DefinitionThis section has been translated automatically.
Coxsackie virus infections are associated with the following clinical pictures:
- Hand-foot-and-mouth disease
- Hand-foot-and-mouth disease (atypical)
- Bornholm disease
- Summer flu.
Triggering of dermatomyositis by coxsackie virus infections is also discussed.
Clinical featuresThis section has been translated automatically.
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DiagnosisThis section has been translated automatically.
Laboratory diagnosis in the newborn/infant: Coxsackievirus PCR or ELISA from CSF, serum, throat swab or stool samples.
For confirmation of infection in the mother: Coxsackievirus PCR or ELISA from maternal blood and stool samples and from cord blood at delivery.
Complication(s)This section has been translated automatically.
In infections with coxsackie echoviruses in the first and second trimesters: Only exceptionally have fetal malformations (CNS, cardiovascular, gastroenteral, urogenital) been described. Abortion or intrauterine fetal death may occasionally occur in highly febrile conditions. The risk of fetal harm at birth is within the range of the so-called normal risk of +/- 3.5%. There is no evidence for an association of maternal enterovirus infection and fetal/child malformations or developmental disorders.
Maternal infection towards the end of the third trimester: Neonates of mothers with acute infection shortly before delivery may present with severe neonatal illness: sepsis, meningoencephalitis, myocarditis, hepatitis, coagulopathy.
The course of disease is usually severe in intrauterine transmitted infections, less severe in early postpartum infection (e.g. by contact with visitors or in neonatal wards).
STAR complex: recurrent arthritides for months , febrile episodes, sore throat and a maculo-papular exanthema.
TherapyThis section has been translated automatically.
A specific antiretroviral therapy is not yet available. Successes ( off-label use!) with Pleconaril (virustatic agent, effective for rhinoviruses) have been described in individual case reports.
The value of IVIG therapy, e.g. with Intratect, for newborns and for contact infants or persons, as recommended so far, has not been proven.
Measures to limit infection: Refer maternity unit/neonatal unit for possible maternal infection. Good hygiene measures are important. Rooming-in of mother with child.
LiteratureThis section has been translated automatically.
- Ashbourne Excoffon KJ et al (2003) The coxsackie B virus and adenovirus receptor resides in a distinct membrane microdomain. J Virol 77: 2559-2567
- Bauer S et al (2002) Severe coxsackie virus B infection in preterm newborns treated with pleconaril. Eur J Pediatr 161: 491-493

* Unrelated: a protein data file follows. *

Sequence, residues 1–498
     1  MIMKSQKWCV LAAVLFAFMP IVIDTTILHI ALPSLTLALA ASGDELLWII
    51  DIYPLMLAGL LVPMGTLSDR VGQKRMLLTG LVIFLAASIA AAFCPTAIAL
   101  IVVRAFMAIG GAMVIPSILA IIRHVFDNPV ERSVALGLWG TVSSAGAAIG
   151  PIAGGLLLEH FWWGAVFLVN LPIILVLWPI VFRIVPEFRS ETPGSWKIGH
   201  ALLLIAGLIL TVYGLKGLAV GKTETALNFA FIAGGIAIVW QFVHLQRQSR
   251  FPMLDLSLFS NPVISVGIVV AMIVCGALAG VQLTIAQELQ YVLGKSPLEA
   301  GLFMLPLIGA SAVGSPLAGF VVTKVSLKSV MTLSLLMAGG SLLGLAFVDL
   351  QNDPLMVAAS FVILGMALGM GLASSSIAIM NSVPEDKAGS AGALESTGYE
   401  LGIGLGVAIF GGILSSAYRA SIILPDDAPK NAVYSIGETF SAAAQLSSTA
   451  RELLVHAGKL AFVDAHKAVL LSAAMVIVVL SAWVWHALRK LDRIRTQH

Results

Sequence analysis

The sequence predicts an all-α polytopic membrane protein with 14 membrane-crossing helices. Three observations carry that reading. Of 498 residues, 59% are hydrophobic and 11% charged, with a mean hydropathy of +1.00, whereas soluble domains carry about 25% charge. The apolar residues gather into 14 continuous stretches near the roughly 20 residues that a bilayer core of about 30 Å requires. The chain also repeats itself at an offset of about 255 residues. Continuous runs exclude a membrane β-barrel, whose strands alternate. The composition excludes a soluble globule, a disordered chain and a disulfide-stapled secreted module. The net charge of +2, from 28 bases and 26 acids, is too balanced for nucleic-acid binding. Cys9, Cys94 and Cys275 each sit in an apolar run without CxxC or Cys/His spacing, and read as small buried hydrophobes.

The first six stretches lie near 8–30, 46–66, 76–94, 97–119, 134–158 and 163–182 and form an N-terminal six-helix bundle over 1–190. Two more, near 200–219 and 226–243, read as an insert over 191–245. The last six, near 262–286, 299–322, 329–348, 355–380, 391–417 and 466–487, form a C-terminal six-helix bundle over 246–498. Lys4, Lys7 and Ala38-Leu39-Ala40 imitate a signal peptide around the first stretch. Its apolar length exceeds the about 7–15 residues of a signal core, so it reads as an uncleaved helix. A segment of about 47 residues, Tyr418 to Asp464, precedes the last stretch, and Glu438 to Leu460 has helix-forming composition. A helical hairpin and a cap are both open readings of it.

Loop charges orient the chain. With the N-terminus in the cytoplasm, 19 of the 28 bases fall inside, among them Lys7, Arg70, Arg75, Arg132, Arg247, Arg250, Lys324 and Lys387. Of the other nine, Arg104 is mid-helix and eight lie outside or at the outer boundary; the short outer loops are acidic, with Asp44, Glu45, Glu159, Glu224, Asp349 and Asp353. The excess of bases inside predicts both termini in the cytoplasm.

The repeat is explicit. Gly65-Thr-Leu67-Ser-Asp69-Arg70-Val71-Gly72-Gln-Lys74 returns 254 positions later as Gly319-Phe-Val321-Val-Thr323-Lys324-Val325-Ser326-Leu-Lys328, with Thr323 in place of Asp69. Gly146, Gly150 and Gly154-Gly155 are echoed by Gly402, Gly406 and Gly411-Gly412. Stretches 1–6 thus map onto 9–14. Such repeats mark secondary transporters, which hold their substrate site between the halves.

- Centers for Disease Control and Prevention (CDC) (2008) Increased detections and severe neonatal disease associated with coxsackievirus B1 infection--United States, 2007. MMWR Morb Mortal Wkly Rep 57: 553-556.
- Crocker SJ et al (2007) Amelioration of coxsackievirus B3-mediated myocarditis by inhibition of tissue inhibitors of matrix metalloproteinase-1. Am J Pathol 171:1762-1773.
Ferrarini A et al (2018) Acute hemorrhagic edema of infancy associated with coxsackie virus infection. Arch Pediatr 25: 244.
- Foster HD (2002) Coxsackie B virus and myocardial infarction. Lancet 359: 804
- Hengstman GJ et al (2002) Clinical and serological characteristics of 125 Dutch myositis patients. Myositis specific autoantibodies aid in the differential diagnosis of the idiopathic inflammatory myopathies. J Neurol 249: 69-75
- Theodoridou M et al (2002) Vesiculopapular rash as a single presentation in intrauterine coxsackie virus infection. Eur J Pediatr 161: 412-413
- Utzig N et al (2003) Polio-like myelitis due to coxsackie virus B 3: Course Under Treatment with Pleconaril. Clin Padiatr 215: 286-287
Incoming links (10)Angioedema histamine-mediated; Classification of viruses; Coxsackie virus exanthema; Dilated cardiomyopathy; Exanthema subitum; Infectious diseases of the skin; Parotitis epidemica; Picornaviridae; Sepsis skin changes; Star complex;
Outgoing links (9)Acute hemorrhagic infantile edema; Bornholm disease; Dermatomyositis (overview); Hand-foot-mouth disease; Hand-foot-mouth disease (atypical); Herpangina; Ivig; Off-label use; Star complex;
Please ask your physician for a reliable diagnosis. This website is only meant as a reference.